Honouring Our Histories & Identities: Reflection to Action
I had the pleasure of attending Cree artist Kent Monkman’s exhibit Being Legendary at the Royal Ontario Museum (ROM) on February 1st as part of Being Legendary: Honouring Our Histories & Identities, an event hosted by YouthREX in partnership with the School of Social Work at York University, School of Indigenous Relations and Indigenous Programs at Laurentian University, and Factor-Inwentash Faculty of Social Work at the University of Toronto. The attendees comprised Indigenous and non-Indigenous students studying social work, social justice, education, and Indigenous studies.
Before visiting the ROM, Elder Vivian Recollet (from Wikwemkoong Unceded Territory, residing in Tkaronto) offered her wisdom and a blessing with us, sharing her experience being Indigenous in Canada. An overarching theme in her teachings was the concept of reconciliation – that it isn’t enough to apologize for the atrocities committed against Indigenous peoples, but that we must continue to build better relationships with Indigenous communities through acknowledgement, education, and public policy.
Elder Vivian’s words stayed with me as I entered the exhibit. While not being Indigenous myself, I wished to better educate myself about the experiences, stories, and triumphs of Indigenous peoples in Canada today. Monkman’s exhibit felt deeply personal, and each piece featured a description of the story behind it – what Monkman described as acîmowina, stories that contain knowledge. Beside a painting titled “The Rocks Hold Their Stories”, Monkman writes about the mîmîkwîsiwak, the Little People, who tell the earth’s oldest stories. Beside another, an acrylic painting portraying generations of a family together, he shares how Indigenous people and culture grow stronger when stories are told.
The most impactful painting to me was located in a dimly-lit alcove, illuminated by a single light. The brightly coloured painting showed a child dressed in a nightgown, standing on their tiptoes, reaching for a bird sitting on a windowsill and just beyond their outstretched hand. Some students found it hopeful, others found it bleak. To me, this portrayal of a child in a residential school sparked feelings of anger and guilt. While I have known about the history of residential schools, and how shockingly recent their existence is, seeing the painting showed me emotion beyond the clinical recounting found in textbooks and made me realize how frustratingly close freedom was for the children in residential schools.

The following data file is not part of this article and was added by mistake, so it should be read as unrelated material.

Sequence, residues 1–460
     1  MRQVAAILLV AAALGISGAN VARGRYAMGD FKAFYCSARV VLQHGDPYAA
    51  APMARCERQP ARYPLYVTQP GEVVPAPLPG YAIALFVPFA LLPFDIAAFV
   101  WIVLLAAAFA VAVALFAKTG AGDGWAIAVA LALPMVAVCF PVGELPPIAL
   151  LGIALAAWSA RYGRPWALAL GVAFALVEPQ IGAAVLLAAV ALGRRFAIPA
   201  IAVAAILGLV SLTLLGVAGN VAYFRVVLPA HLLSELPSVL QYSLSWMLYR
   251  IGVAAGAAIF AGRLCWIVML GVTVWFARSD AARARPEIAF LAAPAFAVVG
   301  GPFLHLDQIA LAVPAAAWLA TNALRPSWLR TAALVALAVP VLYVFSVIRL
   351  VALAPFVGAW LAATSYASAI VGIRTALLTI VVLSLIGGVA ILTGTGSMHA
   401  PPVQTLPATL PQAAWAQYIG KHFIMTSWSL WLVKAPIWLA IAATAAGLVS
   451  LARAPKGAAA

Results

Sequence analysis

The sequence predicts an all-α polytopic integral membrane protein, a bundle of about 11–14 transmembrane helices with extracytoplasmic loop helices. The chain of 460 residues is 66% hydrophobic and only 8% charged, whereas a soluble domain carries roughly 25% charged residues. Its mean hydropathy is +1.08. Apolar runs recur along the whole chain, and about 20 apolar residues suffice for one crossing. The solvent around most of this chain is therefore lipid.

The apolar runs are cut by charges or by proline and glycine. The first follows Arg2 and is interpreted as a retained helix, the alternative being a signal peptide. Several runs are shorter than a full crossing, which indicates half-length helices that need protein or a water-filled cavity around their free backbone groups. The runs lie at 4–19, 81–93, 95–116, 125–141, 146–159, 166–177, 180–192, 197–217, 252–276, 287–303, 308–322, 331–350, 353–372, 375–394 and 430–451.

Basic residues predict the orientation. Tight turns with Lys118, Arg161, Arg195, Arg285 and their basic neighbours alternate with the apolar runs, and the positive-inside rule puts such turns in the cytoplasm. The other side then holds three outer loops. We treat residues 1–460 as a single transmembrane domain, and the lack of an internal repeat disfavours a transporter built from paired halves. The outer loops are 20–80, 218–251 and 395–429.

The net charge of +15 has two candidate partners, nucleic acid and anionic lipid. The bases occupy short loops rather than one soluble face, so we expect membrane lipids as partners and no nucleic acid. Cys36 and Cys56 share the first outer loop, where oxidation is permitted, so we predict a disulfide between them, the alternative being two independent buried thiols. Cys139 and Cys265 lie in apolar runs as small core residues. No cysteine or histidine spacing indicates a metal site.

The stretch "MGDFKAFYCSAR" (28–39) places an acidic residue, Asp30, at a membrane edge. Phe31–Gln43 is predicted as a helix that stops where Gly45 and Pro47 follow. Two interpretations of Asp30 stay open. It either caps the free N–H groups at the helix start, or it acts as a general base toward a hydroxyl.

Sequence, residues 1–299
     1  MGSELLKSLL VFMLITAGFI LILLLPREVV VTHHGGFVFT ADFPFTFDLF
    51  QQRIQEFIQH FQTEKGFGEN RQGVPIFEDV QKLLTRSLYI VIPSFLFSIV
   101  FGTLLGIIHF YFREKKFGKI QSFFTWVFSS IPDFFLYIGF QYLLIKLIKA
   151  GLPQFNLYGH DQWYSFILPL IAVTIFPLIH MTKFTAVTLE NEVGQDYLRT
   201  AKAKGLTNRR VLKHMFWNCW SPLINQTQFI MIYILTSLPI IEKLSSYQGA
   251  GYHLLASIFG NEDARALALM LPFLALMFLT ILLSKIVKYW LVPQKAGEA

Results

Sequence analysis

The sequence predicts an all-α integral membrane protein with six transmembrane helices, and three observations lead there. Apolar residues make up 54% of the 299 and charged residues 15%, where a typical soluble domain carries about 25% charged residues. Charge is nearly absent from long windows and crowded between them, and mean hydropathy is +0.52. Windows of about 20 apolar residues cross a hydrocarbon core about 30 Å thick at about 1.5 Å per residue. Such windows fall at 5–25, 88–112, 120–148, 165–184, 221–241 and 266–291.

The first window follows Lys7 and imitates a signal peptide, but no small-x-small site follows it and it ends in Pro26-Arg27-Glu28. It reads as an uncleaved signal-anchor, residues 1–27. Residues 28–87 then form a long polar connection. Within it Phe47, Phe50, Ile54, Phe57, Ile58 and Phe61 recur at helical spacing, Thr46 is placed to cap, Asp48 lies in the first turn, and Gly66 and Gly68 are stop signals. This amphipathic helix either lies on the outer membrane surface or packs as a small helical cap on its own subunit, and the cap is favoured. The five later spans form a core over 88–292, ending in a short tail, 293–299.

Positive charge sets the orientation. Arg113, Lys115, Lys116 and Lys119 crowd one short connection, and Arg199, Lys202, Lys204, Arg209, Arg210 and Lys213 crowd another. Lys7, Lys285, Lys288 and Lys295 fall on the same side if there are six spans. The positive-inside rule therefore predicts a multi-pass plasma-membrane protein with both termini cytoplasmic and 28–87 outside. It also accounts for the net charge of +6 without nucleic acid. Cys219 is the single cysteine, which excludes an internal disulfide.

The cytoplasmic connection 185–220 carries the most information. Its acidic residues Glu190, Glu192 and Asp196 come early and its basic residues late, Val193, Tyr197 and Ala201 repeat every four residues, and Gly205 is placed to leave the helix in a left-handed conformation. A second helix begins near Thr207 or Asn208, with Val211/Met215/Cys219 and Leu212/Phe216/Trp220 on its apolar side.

I felt guilty that the Canada I found welcoming as a child was so cruel to others. The feelings of anger and guilt continued in the next part of the exhibit, with displays of history lost to theft, and the unfathomable atrocities committed by the Royal Canadian Mounted Police, which continue to this day. The genocide against Indigenous people committed by the federal government of Canada cannot be forgotten, nor can it be forgiven. It is difficult but necessary to learn about the actual events in Indigenous history, so that we ensure we move towards a more equitable and just future.
The exhibit ended by showcasing contemporary, prominent figures in Indigenous communities in large, colourful portraits, showing that strength prevails, and will continue to prevail, despite continued oppression. Monkman highlights the legends that will be passed down far beyond our lifetimes, ending the exhibit on a note of resilience and hope.
After the exhibit, the attendees participated in two sharing circles – a type of group practice where all participants share feelings, thoughts, and/or struggles in facilitated conversation. Each of us reflected on the exhibit, using a series of questions as a guide. Each student gave their unique perspective on art, history, and what social justice meant to them. While emotionally difficult at times, I found the experience extremely rewarding.
When one student found themselves tearing up, Joey-Lynn Wabie (Assistant Professor in Laurentian University’s School of Indigenous Relations and a member of YouthREX’s Academic Network) shared that crying is a powerful gift; while some see crying as a sign of weakness, she described it as a gift to be able to express emotions such as sadness so freely. With her words, I felt grateful I was able to experience such strong emotions from Monkman’s art.
When asked how the exhibit would further our personal journeys of social justice, many students came to the same conclusion: as non-Indigenous Canadians, we need to continue to work towards decolonization, which includes learning and teaching accurate and truthful history, and recognizing the land that we live on has long belonged to Indigenous peoples. We must amplify Indigenous voices as accomplices, not just allies.
My journey in supporting reconciliation is ongoing, and will continue to be; I ask others to join me. There are steps everyone can take towards reconciliation, such as supporting Indigenous-led businesses and organizations, amplifying voices on social media, and continuous education – learning and unlearning. The past cannot be changed, but we are all responsible for the future.
YouthREX is grateful to ROM’s Community Access Network (ROMCAN) for their support of this event.